And then it was time to sail across the Sound of Harris to North Uist, on our way to Benbecula.

The "Loch Portain" coming in to Leverburgh, Isle of Harris.

I’ll post about Benbecula, and the end of our trip, next!  If you have made it this far down the post, I wish you a good end of the week and start of the weekend.



  1. It’s confirmed…I must visit the Islands as soon as I can! What a lovely relaxing time you all had and the colours of the sea are amazing…so is the cardigan you are wearing by the pier. Enjoy your weekend x

  2. Post all the pictures you want! I’ve always wanted to visit the Isles and I am doing so vicariously through your blog! What a beautiful place, a lovely vacation, wonderful memories for you and your family.

  3. I’m with Suze in that you can post all the pictures you want. Each one makes me think I need to visit.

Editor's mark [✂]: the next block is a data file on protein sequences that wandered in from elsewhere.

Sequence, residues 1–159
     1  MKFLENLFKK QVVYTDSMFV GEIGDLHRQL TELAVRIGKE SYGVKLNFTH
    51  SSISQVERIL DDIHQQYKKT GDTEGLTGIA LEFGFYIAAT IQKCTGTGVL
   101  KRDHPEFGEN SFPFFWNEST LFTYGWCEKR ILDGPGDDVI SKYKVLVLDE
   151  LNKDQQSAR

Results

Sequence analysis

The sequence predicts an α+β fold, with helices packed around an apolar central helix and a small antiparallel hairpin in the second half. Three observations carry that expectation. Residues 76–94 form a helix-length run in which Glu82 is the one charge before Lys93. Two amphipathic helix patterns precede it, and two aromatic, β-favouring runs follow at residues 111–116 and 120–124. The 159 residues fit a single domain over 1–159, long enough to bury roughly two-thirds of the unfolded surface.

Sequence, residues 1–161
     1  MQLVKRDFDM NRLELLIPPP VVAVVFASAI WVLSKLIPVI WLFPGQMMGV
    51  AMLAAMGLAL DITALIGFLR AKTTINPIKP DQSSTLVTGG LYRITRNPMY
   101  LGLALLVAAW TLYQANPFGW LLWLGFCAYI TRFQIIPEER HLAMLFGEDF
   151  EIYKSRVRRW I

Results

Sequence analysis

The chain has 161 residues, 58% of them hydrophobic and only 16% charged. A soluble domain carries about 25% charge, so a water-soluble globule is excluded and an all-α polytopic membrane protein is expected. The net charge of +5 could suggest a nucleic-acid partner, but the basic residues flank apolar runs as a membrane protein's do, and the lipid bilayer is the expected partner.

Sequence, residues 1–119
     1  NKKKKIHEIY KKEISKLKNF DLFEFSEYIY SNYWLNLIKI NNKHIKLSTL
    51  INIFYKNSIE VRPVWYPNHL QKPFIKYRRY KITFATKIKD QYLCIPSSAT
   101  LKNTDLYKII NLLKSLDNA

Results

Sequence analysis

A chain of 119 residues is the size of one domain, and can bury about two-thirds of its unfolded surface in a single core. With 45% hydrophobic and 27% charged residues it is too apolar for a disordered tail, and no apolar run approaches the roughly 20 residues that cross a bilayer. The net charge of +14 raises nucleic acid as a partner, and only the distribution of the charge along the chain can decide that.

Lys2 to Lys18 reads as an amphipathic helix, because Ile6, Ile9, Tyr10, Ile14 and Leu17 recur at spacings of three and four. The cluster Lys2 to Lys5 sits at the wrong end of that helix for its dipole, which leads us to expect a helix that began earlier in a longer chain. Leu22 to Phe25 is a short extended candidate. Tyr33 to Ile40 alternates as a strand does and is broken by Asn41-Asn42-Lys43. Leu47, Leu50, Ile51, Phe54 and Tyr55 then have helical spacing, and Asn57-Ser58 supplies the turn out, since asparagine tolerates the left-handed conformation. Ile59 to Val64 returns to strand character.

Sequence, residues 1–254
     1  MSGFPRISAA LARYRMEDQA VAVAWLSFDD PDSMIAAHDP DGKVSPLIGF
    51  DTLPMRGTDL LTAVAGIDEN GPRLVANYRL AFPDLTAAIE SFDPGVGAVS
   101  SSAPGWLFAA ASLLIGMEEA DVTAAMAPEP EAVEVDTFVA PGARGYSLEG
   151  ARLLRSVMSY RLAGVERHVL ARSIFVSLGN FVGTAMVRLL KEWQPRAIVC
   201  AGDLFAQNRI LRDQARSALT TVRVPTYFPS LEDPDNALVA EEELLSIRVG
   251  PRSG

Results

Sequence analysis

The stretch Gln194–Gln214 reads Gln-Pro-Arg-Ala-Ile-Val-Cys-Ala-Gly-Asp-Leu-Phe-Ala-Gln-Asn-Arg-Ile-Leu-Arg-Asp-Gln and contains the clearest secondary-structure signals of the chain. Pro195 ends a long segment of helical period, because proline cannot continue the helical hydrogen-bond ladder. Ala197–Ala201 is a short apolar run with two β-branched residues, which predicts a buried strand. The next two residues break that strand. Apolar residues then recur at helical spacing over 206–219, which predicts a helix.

4. What a magical place. Thank you for the wonderful tour. I loved all the pictures, they capture such a peacful atmostphere.
    The tapestry looks wonderfully ornate.

  5. Luskentyre at sunset …. a gorgeous picture of the sky that goes on forever. Highland skies are so magnificent. Your blog reads like a story of your time there. I can feel the bittersweetness of your time there possibly being your last and the thought that the cottage may have reached its time to move on too. Beautiful pictures! and as others have said, a tribute to Scotland’s islands.

  6. I am thoroughly enjoying spending your vacation with you! The colors of the sea and sky are so beautiful, and the blue butterfly to match! It is so wonderful that you have had 12 years to enjoy such a lovely place, but all things must pass… at least you will have the treasured memories.
    We are having the cold and rainy weather here in Washington all summer, too, if it makes you feel any better to know, but so wonderful that your holiday was sunny. Scotland is a beautiful place. So nice to get a personal tour!

  7. and I learned a new Scottish word, dreich, never enough words for bad weather 🙂